Fred Miller is a personal care attendant for Tessa Goupil, a Topeka woman with muscular dystrophy. "We don't do it for the money," Miller said. Personal care attendants generally are paid between $9 and $10 per hour and rarely have benefits or job protections. Miller said Goupil is his only client. He provides her near-constant care and is assisted by one of her relatives who lives across the street from Goupil's home.

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A sheet listing the Authenticare codes.

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“They don't understand anything that's going on,” Graham said of the workers who care for her children. “The ins and outs of the Medicaid system don't really apply to them.”

“From my perspective, it’s just me, here, boots on the ground,” said Fred Miller, personal care attendant for Tessa Goupil, a Topeka woman with muscular dystrophy.

Authenticare 'horrible'

The more significant change for the personal care attendants came ahead of KanCare. In 2011, the state contracted with First Data, a company with a telephonic system for tracking the time the caregivers spend on the job. It went on line in 2012.

State officials said the new system would save taxpayers $7.6 million a year, help eliminate paperwork and minimize the potential for fraudulent or inaccurate reporting.

None of the care attendants interviewed by KHI News Service had anything good to say about the system, which requires them to dial in from a designated telephone and punch in a series of codes to verify their identity, that of the person they are helping and the various services they are providing.

For example, the Authenticare “activity code” is 11 for bathing a person under the Medicaid T109 and S5126 services categories. The code for “hair care” is 14; for “skin care,” 15 and for “nail care,” 16.

An attendant might routinely provide a dozen or more of the services and to be paid must punch in the code for each of them often while dealing with the distractions of caring for a medically fragile individual in their home. That means cell phones going off or a doorbell chiming or a dog running out from under the bed, or worse. Those who use it said it was too easy to punch in the wrong code or codes and too difficult to know when an error was made and too difficult to correct once discovered.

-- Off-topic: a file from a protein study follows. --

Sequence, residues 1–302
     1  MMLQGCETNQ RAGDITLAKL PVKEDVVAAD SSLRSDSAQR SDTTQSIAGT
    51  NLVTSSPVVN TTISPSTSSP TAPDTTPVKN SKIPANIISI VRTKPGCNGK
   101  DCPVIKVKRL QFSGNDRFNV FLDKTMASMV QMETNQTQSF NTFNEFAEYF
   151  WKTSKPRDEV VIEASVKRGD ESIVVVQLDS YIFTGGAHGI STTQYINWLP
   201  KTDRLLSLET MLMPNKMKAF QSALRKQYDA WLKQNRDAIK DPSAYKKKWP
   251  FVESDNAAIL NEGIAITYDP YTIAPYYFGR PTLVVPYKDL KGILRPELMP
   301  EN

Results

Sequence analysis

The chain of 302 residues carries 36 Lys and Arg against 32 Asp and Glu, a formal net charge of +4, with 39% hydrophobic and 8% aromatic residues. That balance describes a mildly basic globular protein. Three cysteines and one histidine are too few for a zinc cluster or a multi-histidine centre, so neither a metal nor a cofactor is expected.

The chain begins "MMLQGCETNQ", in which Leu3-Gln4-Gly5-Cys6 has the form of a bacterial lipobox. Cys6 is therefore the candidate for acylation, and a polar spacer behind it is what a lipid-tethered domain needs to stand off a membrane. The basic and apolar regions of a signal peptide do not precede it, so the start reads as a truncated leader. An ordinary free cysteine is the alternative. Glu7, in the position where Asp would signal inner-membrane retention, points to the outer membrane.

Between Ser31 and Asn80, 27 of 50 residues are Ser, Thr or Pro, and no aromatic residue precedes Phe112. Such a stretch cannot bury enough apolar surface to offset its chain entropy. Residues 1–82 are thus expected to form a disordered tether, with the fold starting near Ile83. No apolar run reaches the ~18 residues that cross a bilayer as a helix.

“We make mistakes all the time and there's no way to go back,” and correct it from the phone. “I have to call the financial management service, the payroll company, and I think they don't get paid enough to handle some of that stuff,” Miller said.

The situation becomes all the more complicated if more than one care worker is dealing with more than one client in a household, like at Shannon Graham’s home in Lawrence.

Those who use Authenticare that were interviewed by KHI News Service said it has been no better or worse since KanCare was launched.

Shannon Graham of Lawrence pictured with her five adopted children, a personal care attendant and a nurse. Four of the children are disabled and receive in-home Medicaid assistance. Front, left to right are: Carli, 24; Taegan, 5; Max, 6. Rear, left to right are Graham, PCA Cydney Bunner; Adam, 16; Cheyenne, 15; and nurse Kiran Sarai.

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“It’s horrible,” Graham said, describing the complications Authenticare created at her house. She said she continues to keep the paper records because the telephonic system doesn’t leave a record for her to easily monitor and she needs to keep track of how many hours her attendants have used. She described the same sort of problems with errors that Miller described, compounded by the number of people in her home using the services.

Unionization effort failed

In some states, such as Illinois, the personal care attendants have unionized. The Minnesota Legislature last week approved a bill that would allow them to unionize in that state and it has the support of Gov. Mark Dayton. Supporters of the move say it would allow the care attendants to secure better pay and other job benefits through the power of collective bargaining.

But Kansas has never been a particularly union-friendly state and the only known effort to unionize the caregivers here failed in 2009 when Kathleen Sebelius, a Democrat, was governor.

“It was going to be a coordinated effort that involved the Sebelius administration, the non-profits (that employ or administer payroll for the care attendants) and SEIU to form a union,” said Harold Schlectweg, business representative for SEIU Local 513 in Wichita. “Everybody would have benefited. It would have helped out the nonprofits and the workers and the people receiving that assistance.”

But the effort met opposition from Republican legislators and, Schlectweg said, the nonprofits that employed or worked with the personal care attendants also wanted nothing to do with it.